I suggest attempting to extend the absorb stage, preferably using the timed absorb setting if you have it (usually setting 32). Try extending it to about 40-60 minutes and see if you can recover some of your run-time. I doubt that you will be able to get anywhere near new capacity, but you might be able to live with the battery if you can recover some capacity.

Quote

I've read about equalization somewhere, I think someone said not to do that to these type of batteries. Is it true? I will try that as well to try and save my batteries. If all else fails i will have to save up for a lithium battery.

Equalisation is another way to achieve much the same thing. You could set the equalisation to happen every day or perhaps every second day, and set the equalisation voltage to the same as your absorb/bulk voltage (56.8 V). You are supposed to reduce that voltage in summer, if your average battery temperature is over 25°C. Reduce it by about half a volt (to 53.3 V) if your battery voltage averages 30°C while charging. The advice not to do that is likely based on the fact that usually equalisation is performed at significantly higher charge voltages; just don't do that (the equalisation voltage is one of the ~8 settings related to equalisation).

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On 2020/11/05 at 12:21 PM, Barryv said:

with battery balancers?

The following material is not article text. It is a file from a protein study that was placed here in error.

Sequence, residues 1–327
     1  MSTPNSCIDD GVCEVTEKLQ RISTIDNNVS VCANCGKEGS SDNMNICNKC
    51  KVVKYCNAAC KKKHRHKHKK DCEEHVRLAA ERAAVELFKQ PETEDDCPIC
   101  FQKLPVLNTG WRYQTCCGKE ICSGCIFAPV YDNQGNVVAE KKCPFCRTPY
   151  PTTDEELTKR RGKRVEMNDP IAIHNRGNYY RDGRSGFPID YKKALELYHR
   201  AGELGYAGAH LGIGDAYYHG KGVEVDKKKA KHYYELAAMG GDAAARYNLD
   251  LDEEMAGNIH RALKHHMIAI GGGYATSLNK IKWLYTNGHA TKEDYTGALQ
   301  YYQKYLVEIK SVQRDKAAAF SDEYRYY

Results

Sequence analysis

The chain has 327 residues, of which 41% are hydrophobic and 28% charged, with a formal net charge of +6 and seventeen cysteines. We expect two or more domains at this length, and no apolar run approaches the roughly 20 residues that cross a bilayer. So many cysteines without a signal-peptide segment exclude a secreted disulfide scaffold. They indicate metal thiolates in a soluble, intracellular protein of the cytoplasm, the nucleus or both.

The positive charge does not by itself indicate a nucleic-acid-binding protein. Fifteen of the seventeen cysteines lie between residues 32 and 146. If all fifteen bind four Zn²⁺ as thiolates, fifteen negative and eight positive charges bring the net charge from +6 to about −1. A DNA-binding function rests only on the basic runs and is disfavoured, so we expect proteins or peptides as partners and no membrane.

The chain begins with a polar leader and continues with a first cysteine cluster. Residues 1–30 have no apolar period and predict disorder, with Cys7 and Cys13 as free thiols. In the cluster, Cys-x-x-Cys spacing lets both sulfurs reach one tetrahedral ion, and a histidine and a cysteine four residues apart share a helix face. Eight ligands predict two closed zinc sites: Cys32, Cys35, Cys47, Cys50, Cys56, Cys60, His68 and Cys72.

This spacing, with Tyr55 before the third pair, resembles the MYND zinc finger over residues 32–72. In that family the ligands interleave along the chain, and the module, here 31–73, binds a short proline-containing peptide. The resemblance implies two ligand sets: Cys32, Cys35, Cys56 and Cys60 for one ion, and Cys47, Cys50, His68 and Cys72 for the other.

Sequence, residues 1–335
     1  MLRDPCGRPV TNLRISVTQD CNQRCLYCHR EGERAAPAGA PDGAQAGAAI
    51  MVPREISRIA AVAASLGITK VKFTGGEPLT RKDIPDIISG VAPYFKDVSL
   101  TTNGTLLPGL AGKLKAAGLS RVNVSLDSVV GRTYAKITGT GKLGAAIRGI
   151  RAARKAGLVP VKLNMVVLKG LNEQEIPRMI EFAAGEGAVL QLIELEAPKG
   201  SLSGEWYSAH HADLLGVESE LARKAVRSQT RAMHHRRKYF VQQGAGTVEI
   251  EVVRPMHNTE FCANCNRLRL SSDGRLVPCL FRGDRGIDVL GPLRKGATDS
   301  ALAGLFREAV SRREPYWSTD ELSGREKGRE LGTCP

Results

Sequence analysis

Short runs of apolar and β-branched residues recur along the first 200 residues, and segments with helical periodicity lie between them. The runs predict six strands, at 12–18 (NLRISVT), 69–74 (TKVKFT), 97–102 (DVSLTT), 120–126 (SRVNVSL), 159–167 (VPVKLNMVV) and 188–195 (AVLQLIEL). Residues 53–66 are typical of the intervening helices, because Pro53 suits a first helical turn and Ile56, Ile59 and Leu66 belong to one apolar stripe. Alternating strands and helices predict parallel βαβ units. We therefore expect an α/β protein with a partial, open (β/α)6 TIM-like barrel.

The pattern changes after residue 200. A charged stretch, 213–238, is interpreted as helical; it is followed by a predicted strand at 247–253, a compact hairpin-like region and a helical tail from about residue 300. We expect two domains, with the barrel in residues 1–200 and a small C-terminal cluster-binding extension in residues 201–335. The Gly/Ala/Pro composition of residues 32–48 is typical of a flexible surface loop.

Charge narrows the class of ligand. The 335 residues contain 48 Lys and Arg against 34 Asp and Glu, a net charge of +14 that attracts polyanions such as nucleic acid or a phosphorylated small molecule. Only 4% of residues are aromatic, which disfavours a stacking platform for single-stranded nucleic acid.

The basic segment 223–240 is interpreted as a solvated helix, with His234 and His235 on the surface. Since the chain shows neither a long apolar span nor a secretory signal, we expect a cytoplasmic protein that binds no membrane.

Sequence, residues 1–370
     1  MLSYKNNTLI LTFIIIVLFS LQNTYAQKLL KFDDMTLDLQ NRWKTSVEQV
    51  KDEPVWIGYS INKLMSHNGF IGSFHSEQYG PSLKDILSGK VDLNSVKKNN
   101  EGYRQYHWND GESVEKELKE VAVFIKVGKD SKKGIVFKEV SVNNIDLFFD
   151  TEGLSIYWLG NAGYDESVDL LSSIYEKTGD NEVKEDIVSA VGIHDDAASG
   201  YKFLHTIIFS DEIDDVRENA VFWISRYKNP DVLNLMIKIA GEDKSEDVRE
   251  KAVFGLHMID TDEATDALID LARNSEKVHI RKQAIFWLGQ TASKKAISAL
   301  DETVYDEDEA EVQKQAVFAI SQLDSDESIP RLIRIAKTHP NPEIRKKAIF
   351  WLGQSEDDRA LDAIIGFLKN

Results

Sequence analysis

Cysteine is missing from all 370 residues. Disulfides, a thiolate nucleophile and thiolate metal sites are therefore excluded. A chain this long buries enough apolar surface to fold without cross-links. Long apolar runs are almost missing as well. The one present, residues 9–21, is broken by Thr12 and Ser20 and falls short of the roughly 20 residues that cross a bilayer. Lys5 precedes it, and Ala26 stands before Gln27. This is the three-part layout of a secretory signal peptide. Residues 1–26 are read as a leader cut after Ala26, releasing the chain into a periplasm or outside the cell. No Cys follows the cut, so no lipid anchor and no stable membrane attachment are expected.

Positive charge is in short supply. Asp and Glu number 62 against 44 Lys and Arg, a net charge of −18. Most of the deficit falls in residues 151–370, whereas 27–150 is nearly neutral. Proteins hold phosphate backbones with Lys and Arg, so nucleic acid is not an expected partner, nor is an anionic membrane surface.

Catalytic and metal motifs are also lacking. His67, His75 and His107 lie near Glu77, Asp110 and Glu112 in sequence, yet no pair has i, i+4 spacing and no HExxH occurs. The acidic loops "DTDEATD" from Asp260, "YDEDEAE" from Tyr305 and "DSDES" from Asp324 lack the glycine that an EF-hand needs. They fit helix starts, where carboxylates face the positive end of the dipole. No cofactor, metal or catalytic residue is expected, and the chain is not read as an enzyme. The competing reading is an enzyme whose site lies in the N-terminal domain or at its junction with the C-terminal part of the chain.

Hi Barryv. No, not with battery balancers. Actually never knew they existed until you mentioned it. Only thought they were used for lithium cells.

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On 2020/11/04 at 12:54 PM, Coulomb said:

42 V is a very deep discharge, depending on the load. Four of those might just finish off a lead acid battery bank.

That part is good.

My guess is that you have an Axpert inverter, and the premature float bug is slowly ruining your battery through chronic under-charging. Lead acid does not like under-charging.

Depending on the model of your inverter, you may be able to extend the absorb stage by using either timed absorb, or the equalisation facility (with a lower than usual equalisation voltage). These have risks; overcharging a sealed lead acid battery can dry them out, and you can't replace the water. But chronic under-charging is bad too.

I suggest attempting to extend the absorb stage, preferably using the timed absorb setting if you have it (usually setting 32). Try extending it to about 40-60 minutes and see if you can recover some of your run-time. I doubt that you will be able to get anywhere near new capacity, but you might be able to live with the battery if you can recover some capacity.